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Our efforts to preserve the character of Main Street are being noticed beyond Grimsby’s borders.
This letter was sent last week to our Planning Department and Council by Greg Woodruff, an Aldershot resident who witnessed first hand the negative changes brought by similar mixed-use developments in his community. A must-read for all of us, that calls out developer’s “arguments” and makes lots of excellent points why this is not suitable for Grimsby’s Main Street. We thank Greg for his contribution and we hope that our officials take notice.
Greg’s letter appears below in part, edited for length. His full submission is available upon request to info@SaveMainStreet.ca.
The proposed conversion on 133 Main Street East from commercial usages with possible residential over top with traditional zoning restrictions to high density is not consistent with the goals set out in the Provincial Policy Statement, Grimsby Official Plan, Niagara Official Plan or historical preservation.
Current restrictions on the property in terms of setbacks, residential usages and historical restrictions are well thought out and represent a proper balance between competing factors in development. There is no compelling reason to grant the requested by law amendments presented by the applicant.
Applicant's "Planing Justification Report" appeals mainly to the idea that intensification is good – regardless of location. That intensification can bring benefits at some locations and this is encouraged by Provincial statues is not in dispute.
However, the report does not adequately address why this particular intensification conversion would represent good land use planning or why this density is appropriate in this location. Increased densities are only an advantage if the location makes sense. The application attempts to "site optimize" the property at the expense of the historical and potential commercial nature of the property.
The developer's "Planning Justification Report" is also full of unfounded assertions and logical inconsistencies.
The application twists logic and common sense in an attempt to justify an unwise intensification project.
For example: the argument that the carbon/energy footprint per person is lower for residents in a high-density building is trumped by the fact that the carbon/energy footprint is lower only in the proper location. If increased car usage from development snarls local traffic, then the possible advantage is reduced or even reversed. It's not enough to put people in high-density buildings, they must be near a workable transit solution to confer significant benefits in energy usage patterns and transportation planning.
An easy way to see the defect in the developer Planning Report is simply to ask what property would they not consider suitable for a conversion to high density? If it's not a historic property in a tourist area where the only real transportation is a two lane road, it's nowhere.
The Provincial Policy Statement intention is to be read in it's entirety and intensification applied in sensible areas. The idea is not to just execute any project that increases density and hope future hypothetical schemes make it work out.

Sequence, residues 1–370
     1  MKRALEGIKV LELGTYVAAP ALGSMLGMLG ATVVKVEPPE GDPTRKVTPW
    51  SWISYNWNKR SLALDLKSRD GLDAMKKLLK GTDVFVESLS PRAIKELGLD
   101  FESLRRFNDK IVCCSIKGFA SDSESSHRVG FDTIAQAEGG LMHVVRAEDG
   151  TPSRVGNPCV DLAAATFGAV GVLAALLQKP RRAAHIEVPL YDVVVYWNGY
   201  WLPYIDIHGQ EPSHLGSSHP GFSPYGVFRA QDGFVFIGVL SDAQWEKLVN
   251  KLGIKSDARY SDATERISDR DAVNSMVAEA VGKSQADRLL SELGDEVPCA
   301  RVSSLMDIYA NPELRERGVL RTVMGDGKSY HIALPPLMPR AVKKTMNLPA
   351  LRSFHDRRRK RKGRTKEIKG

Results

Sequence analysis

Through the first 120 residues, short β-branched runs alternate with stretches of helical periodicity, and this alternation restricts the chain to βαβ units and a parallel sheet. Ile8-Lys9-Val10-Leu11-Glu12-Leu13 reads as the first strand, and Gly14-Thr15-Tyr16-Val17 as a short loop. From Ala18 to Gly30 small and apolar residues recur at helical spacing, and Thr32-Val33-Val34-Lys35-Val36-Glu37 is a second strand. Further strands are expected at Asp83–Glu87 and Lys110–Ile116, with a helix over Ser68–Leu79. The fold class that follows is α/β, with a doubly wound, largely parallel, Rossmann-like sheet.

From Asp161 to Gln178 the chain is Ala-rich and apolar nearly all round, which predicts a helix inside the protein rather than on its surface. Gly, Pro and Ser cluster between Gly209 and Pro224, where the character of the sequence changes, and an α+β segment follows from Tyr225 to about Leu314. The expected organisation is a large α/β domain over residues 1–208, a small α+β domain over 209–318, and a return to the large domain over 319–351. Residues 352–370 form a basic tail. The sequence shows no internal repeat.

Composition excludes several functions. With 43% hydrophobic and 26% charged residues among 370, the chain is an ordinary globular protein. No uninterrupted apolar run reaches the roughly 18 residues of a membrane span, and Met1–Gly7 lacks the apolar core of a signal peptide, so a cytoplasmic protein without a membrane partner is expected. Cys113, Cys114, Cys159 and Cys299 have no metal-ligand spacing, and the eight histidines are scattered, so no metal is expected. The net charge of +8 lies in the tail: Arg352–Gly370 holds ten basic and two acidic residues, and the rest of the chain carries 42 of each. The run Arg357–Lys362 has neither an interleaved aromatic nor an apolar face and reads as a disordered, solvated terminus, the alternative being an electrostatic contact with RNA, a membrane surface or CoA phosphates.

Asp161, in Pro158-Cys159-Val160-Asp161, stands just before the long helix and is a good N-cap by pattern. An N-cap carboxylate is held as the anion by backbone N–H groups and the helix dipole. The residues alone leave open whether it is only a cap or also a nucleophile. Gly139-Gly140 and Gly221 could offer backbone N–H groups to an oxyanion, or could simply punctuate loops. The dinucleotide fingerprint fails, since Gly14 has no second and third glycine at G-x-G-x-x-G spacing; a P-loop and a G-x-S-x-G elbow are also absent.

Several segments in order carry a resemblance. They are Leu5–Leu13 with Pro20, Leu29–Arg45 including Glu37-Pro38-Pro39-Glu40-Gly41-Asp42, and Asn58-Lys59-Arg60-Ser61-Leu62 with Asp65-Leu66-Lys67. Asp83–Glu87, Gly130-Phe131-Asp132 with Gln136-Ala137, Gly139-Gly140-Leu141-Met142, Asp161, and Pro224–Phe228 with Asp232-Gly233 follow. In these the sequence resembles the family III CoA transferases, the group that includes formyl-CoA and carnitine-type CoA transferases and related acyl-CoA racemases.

A high-density small unit condo development is appropriate within 500m of the proposed Grimsby GO station. This site is 4,000m away, making walking impractical to residents with a long train commute ahead of them, and the hypothetical busing no faster than driving. That a hypothetical bus might some day work for a percentage of these residents, doesn't offset the fact that the application places hundreds of residents at the end of a long drive.
The reality is that this type of high-density small unit condo is marketed as being a lower cost alternative for those driving or commuting to Toronto. These residents don't form a commercial base or provide vibrancy in Grimbsy; they are away in the day. Thus, this conversion entrenches a development pattern of car-based commuting opposed in the Provincial Policy Statement.
The applicant envisions the "advantage" of this conversion being combined with other intensification projects to create advantageous densities in some unknown future. However all of that imagined neighboring density is being placed at a location where it has no advantages. Main Street is a 2 lane road where expansion is unwanted and difficult. The site is not near higher order transit and no reasonable conceivable scheme will place it as so.
This conversion will create a huge financial incentive for other Main Street properties to cash in on the potential availability of conversion to high-density.
The goal of neighboring commercial properties will no longer be rent to businesses, but to make the properties vacant and run down. Consultants will tell them accurately that intentionally making these commercial properties seem derelict will aid the conversion to high-density. It won't be that there is a shortage of tenants, it will be that there is a shortage of tenants willing to take month to month rent in a dilapidated building. As neighboring properties convert to high-density it becomes easier for others as at LPAT they can argue their density and height requests are consistent with what was awarded to others.